A multidisciplinary team of scientists is using a Florida coral reef as a testing ground for a bold mission – expeditions to near-earth asteroids, the Moon or Mars.
The undersea environment provides many of the same challenges as space exploration – micro-gravity, remote sites, limited communications and the need for remotely operated data gathering platforms.
The Aquarius Reef Base – a live-aboard underwater mock-up of a space station that has been home to the NEEMO (NASA Extreme Environment Missions Operation) missions for the past decade – is a perfect testing ground for the space agency’s remote science-gathering protocols and practices.
“You’re always facing new challenges, like the Apollo 13 mission, and also new discoveries that are unexpected,” says Delaware associate professor or oceanography and geology Art Trembanis, a NEEMO veteran and expert in autonomous underwater vehicles (AUVs).
CastAway: New Frontiers
Trembanis’ instrument-loaded AUV works with DeepWorker submersibles and SCUBA divers to collect a wide variety of data in a broad number of ways.
He strapped a SonTek CastAway CTD to the AUV. The CastAway is a rugged, palm-sized instrument that samples conductivity, temperature and depth, profiling the water column and computing sound-speed readings that aid in correcting a host of underwater sonar measurements.
With a flow-through measurement cell, the durability to operate as deep as 100 meters below the surface, two AA batteries for power, and an onboard datalogger accessed at the surface via Bluetooth, the CastAway is completely self-contained – a perfect fit with the NASA concept.
The initial point of strapping CastAways to the DeepWorker submersibles was to simply gather data for the sake of the drill. However, Trembanis notes, the precise location data from the CastAway helped the team better analyze video footage collected by the submersibles, which could aid in his ongoing study of barrel sponges. Also, the sensitivity of the CastAway yielded insight into the spatial relationships among water masses of different salinity and temperature along the reef.
“There aren’t big differences, but shades of grey can be significant in the reef environment,” he points out.
EXO2 Sonde Goes Deep
Trembanis also outfitted the DeepWorker submersibles with the EXO2 multiparameter advanced water quality monitoring platform.
Designed for use as deep as 250 meters – well beyond NEEMO mission parameters – the EXO2 measures pH, dissolved oxygen (DO), temperature, salinity, turbidity, depth, total algae (using a dual-channel sensor for chlorophyll as well as a phycocyanin sensor for blue-green algae), and a fluorescent dissolved organic matter (DOM) sensor.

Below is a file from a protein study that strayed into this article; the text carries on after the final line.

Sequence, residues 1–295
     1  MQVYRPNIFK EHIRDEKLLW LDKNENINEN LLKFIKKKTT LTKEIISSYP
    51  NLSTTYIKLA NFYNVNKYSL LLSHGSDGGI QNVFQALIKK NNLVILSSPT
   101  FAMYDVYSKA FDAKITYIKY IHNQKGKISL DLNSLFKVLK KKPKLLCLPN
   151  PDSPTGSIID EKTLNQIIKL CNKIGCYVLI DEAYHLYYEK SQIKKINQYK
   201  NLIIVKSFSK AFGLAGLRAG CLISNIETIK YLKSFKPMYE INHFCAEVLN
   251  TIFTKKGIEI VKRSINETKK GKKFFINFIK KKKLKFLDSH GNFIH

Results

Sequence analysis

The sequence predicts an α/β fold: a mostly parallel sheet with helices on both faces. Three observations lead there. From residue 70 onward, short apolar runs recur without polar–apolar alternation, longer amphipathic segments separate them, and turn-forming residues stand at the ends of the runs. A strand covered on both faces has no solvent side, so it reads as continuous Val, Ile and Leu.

Trembanis was enchanted by the possibilities created by the EXO2. Immediately, he recognized the opportunity to give NASA pilots a mission while gathering valuable data about the water dynamics in and around the mysterious barrel sponges that dot the reef.
“At the end of the day, we could connect it to the laptop via Bluetooth and transfer all our data files,” Trembanis says. “We could look at the data on the laptop while someone else was cleaning the unit.
“We changed the batteries every day just to be safe, though the sonde could run for days on a set of batteries,” he notes. “We had it running continuously for five or six hours a day at its maximum rate, and it was already loaded with plenty of memory – turns out we could have conceivably set it up to run for weeks.”
Art Trembanis displays the orange CastAway CTD and blue EXO2 multiparameter sonde that added sophisticated data-gathering capabilities to the NEEMO 16 mission and proved the remarkable versatility and convenience of both instruments.
A YSI EXO2 multiparameter sonde provides an intimate look at water quality parameters inside a barrel sponge off the coast of Key West. See video below of sponge science with the EXO sonde.
Additional Blog Posts of Interest:
Monitoring Water Quality Interactions with Multiparameter Sondes
10 Tips to Prevent Biofouling on Water Quality Instruments
Top 5 Challenges to Collecting Water Quality Data - Challenge 1
Advantages of Smart Sensors and Ports on Water Quality Sondes